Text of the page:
Kenai River Special Management Area advisory board members were brought up to speed on several projects affecting the management area in their meeting at the Kenai River Center on Thursday.
A brief report giving the results of the first part of a U.S. Army Corps of Engineers boat wake study conducted on Johnson Lake and the Kenai River was presented to the board by Glenda Landua, habitat biologist at the Kenai River Center for the state Department of Fish and Game, who filled in for Lance Trasky, regional supervisor for the Habitat and Restoration Division of Fish and Game.
The study determined the sizes and power of waves produced by different combinations of hull types, load weights and horsepower. Investigators found that V-shaped hulls and boats with heavy loads created the largest waves and that increasing horsepower reduced the wake size slightly for boats with V-shaped hulls. Flat-bottomed hulls and boats with lighter loads were found to produce smaller wakes. Waves produced on the Kenai River varied in size from .22 feet to 1.07 feet, which, according to the report, is not a large range. But wave energies, which may be the true culprit in explaining boat wake-induced bank erosion, showed greater variations.
Part one of the study took about a year to complete, although the actual field research was completed during three weeks of summer 2000, Trasky said. The purpose of the study was to find out if boat wakes are causing accelerated bank erosion in the Kenai River. But to answer that question, part two of the study needs to be completed, Trasky said.
Army Corps of Engineers researchers identified several components to bank erosion that need further research to determine the relationship between boat wakes and bank erosion. The effect of maximum wave heights on riverbanks, how waves behave and affect bank sediment as they hit the banks under the water, the effect of high boat activity in the river (since waves coming from multiple sources can either cancel each other out or combine to form larger waves), and the combined effect of river currents and waves, are all topics that need further study, Trasky said.
The KRSMA boat wake committee met with the U.S. Geological Survey in December to discuss the possibility of the USGS conducting the second part of the study. Funding has yet to be worked out and no details have been finalized, but USGS is preparing a draft study proposal to present to the KRSMA board at its February meeting.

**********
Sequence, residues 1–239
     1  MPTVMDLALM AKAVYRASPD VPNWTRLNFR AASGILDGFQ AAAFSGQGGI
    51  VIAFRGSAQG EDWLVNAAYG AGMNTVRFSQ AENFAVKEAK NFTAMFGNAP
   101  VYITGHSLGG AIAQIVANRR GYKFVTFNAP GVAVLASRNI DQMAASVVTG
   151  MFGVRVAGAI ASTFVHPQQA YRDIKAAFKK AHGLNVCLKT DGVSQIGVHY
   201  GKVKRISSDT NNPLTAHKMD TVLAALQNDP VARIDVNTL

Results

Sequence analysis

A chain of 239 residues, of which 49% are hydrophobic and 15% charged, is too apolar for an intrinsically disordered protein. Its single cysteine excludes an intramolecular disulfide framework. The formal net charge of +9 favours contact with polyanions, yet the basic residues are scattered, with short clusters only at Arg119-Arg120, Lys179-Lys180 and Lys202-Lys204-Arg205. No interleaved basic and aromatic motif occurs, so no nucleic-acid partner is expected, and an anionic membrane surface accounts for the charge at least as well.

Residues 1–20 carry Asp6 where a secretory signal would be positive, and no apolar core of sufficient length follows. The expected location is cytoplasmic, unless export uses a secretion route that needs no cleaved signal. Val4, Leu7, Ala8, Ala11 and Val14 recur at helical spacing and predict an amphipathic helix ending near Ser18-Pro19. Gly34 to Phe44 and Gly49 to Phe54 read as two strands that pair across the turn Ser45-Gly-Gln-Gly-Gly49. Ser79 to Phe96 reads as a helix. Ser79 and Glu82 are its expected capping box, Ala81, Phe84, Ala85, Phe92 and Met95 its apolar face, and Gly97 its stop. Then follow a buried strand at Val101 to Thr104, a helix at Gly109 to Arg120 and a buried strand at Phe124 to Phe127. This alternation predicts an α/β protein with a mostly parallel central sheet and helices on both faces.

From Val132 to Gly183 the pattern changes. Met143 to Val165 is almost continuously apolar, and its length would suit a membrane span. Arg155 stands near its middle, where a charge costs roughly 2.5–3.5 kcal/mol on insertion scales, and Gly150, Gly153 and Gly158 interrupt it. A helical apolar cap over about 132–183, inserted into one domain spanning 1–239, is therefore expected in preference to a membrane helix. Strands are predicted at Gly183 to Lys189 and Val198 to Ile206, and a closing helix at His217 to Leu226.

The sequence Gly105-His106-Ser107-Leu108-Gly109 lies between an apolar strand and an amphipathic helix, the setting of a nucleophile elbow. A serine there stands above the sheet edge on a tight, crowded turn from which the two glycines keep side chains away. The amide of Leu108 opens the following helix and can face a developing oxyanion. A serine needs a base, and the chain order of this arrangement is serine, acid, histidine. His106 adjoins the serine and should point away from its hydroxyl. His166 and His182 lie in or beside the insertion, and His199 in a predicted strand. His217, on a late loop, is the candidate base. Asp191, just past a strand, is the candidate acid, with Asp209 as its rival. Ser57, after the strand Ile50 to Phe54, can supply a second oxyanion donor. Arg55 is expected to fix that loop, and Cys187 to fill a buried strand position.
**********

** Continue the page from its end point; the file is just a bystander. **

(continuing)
Next on the board's agenda was a progress report on the Milepost 45 to 60 Sterling Highway bypass project from Janette Cadieux, a member of the project's stockholder sounding board.
Several alternate routes have been proposed for the Cooper Landing bypass. The state Department of Transportation and Public Facilities and project planners are developing criteria to evaluate the alternatives and start narrowing the field of suggestions, Cadieux said.
Cadieux presented board members with the criteria and relayed the DOT's request that board members study the criteria and provide feedback to the DOT. The DOT plans to have a Web site operational by Feb. 18 that lists the selected criteria, Cadieux said.
One issue dealt with in the stakeholder's meeting was design speed for the new road. Since the road will be part of a national highway main route it needs to be built to national highway standards -- which means it must be designed to accommodate 60-mph travel, Cadieux said. But according to Cadieux, some stakeholders oppose that position, arguing that the highway through Cooper Landing is designed for 35 mph and people still speed on it, so having a road built for 60 mph would result in more speeding.
"It's an unresolved issue," Cadieux said. "They're going to address it more in their meeting by reiterating what the purpose of the project is."
Another issue the stakeholders faced was dealing with critical habitat areas.
"There are no alternatives that avoid going through critical areas, which nobody should be surprised about," Cadieux said.
Federal highway regulations require planners to avoid building a road through critical habitat areas if a feasible or prudent alternative is available, said Bill Shuster, KRSMA board member.
"The kicker is what do 'feasible and prudent' mean?" Shuster said.
The final order of business at the KRSMA meeting was an update on the Fisher Fuels spill cleanup efforts in Cooper Landing. Suzanne Fisler, permit coordinate for the state Division of Parks, reported that 6,065 gallons of fuel has been recovered from the estimated 9,100 gallons spilled when a tanker truck overturned Oct. 29 in a pond west of Gwin's Lodge in Cooper Landing. Fisler reported on the cleanup plan submitted by CH2M Hill, the consultants hired by Fisher Fuel to clean up the spill.
The plan calls for a tributary stream to be diverted away from the pond into the river to keep water flowing without risking further contamination. The pond water will be treated on site with active carbon or charcoal filters or be transported from the site and treated. Contaminated soil will be removed and backfilled with gravel. Sediment along the pond will continue to be tested for contamination and revegetation of the area will be completed once it is decontaminated.
The cleanup of the pond water hit a snag when the pond thawed, Fisler said. Contractors had been planning to take equipment across the ice and scoop up soiled areas. Now they plan to float aerators on the pond and evaporate the fuel out of the water. But the plans are still in flux, Fisler said.
"If drops to 50 below and they have 6 feet of ice in the pond they could do something different, but that's it at the moment," she said.
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